On November 3rd, 2021 Maspex Group (“Maspex”) announced they had reached a definitive agreement to acquire CEDC, a Polish subsidiary of the Roust Corporation (“Roust”) with a deal resulting in a PLN3.89bn (c.€850m) valuation of CEDC making Maspex the new leader of the Polish vodka market. This is the latest of Mapex’s 20 acquisitions since their founding in 1990, wherein they consistently push the envelope of the Polish food & beverage market and because of it has now grown to become the largest Polish food group.
While both parties have agreed to the transaction, it is still pending consent from the Office of Competition and Consumer Protection (UOKiK) and analysts believe it may be at risk in an event of default by the Russian Standard Bank (“RSB”), through which the founder of both the RSB and Roust Roustam Tariko owns 28.1% of Routs’ shares through. Despite initial attempts of the primary bondholder Citibank to take a 49% stake in RSB after the default failing in a Moscow arbitration court, Citibank’s confidence in an appellate court overturning the decision could prove dangerous. If successful, the current financial state of the bank teetering on the edge of bankruptcy could harm CEDC as if the bank goes into administration, the deal could be reversed as part of the proceedings.
Maspex is a Polish multinational food corporation headquartered in Wadowice. It was founded in 1990 and has grown mostly through acquisitions in Central and Eastern Europe, allowing it to quickly become the region’s pre-eminent food producer, being the frontrunner of the Polish pasta market as well as the largest fast-food producer in Eastern and Central Europe.
Maspex was already the market leader in non-alcoholic beverages in Poland, the Czech Republic, and Slovakia, as well as a leading manufacturer of similar beverages in Hungary, Romania, Bulgaria, and Ukraine before they acquired CEDC, and now, with a resultant employee count and a yearly turnover of 9,200 and PLN 11bn (c.€2.37bn) respectively it aims to build “another strong area of its activity based on the competences of the company’s employees, modern production facilities and unique brands”.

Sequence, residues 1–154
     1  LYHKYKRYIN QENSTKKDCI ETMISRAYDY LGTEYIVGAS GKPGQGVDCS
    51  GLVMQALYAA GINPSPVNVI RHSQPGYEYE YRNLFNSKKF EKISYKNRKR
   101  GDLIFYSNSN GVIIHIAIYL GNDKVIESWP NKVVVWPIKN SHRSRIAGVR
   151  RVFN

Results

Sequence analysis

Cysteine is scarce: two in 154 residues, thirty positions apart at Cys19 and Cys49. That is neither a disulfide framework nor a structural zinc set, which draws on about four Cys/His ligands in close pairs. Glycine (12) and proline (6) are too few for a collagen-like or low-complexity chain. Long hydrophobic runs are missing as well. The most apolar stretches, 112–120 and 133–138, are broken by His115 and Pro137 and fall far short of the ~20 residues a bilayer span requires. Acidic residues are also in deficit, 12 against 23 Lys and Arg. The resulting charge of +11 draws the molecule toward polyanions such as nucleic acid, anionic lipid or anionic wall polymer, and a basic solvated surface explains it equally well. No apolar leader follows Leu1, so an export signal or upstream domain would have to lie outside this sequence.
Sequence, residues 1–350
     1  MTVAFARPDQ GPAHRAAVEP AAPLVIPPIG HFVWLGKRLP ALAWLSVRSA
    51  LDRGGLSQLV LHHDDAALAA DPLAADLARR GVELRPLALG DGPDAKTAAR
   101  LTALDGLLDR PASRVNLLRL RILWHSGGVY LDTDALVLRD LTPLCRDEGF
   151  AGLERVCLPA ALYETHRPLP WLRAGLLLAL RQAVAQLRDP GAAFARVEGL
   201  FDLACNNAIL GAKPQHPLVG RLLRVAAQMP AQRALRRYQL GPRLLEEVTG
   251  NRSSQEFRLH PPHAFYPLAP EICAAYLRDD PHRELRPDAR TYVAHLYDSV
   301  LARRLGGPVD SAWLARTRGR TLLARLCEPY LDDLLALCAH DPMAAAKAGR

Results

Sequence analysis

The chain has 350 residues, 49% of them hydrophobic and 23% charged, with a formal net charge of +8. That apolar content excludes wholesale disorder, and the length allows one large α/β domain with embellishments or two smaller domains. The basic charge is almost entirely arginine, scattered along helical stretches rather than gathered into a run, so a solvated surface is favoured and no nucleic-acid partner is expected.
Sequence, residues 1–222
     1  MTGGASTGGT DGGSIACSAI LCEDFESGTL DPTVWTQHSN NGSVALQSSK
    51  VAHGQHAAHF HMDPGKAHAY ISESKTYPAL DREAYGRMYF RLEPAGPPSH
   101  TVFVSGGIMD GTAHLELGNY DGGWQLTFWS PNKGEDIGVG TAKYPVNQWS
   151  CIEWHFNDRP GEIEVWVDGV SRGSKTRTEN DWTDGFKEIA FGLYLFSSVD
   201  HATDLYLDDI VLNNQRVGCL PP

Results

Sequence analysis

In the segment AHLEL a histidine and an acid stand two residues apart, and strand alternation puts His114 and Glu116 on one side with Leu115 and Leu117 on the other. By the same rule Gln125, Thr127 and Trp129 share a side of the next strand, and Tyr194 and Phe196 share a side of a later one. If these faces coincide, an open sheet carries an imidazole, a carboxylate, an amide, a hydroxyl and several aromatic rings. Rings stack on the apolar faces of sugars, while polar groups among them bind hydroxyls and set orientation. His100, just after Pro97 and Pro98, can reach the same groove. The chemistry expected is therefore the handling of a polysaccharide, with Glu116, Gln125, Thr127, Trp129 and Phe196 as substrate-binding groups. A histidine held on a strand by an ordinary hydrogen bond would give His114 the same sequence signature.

Roust Corporation, owned and founded by Russian businessman Roustam Tariko, is the world’s second-largest vodka manufacturer and Central and Eastern Europe’s largest spirits corporation. Their forward-facing corporate strategy focuses on the further growth of its brands primarily in Russia as well as their global brand internationally, hence their decision to sell CEDC after 7 years of value-adding ownership.
CEDC was acquired by Roust in 2013 and since then has become the preeminent alcoholic beverages company in Poland while aiming to offer “consumers the most authentic brands across alcohol categories.” Being the producers of over 19mln nine-litre cases of legendary polish brands such as Żubrówka, Soplica, Absolwent and Bols, they managed to build a 47% market share in Polish vodka, up from 22.7% since their acquisition and a culminating with a turnover of PLN5.7bn (c.€1.23bn). Despite the acquisition, CEDC brands will continue to be distributed by Roust Corporation in important international countries, and Russian Standard and Gancia brands will continue to be distributed by CEDC in Poland.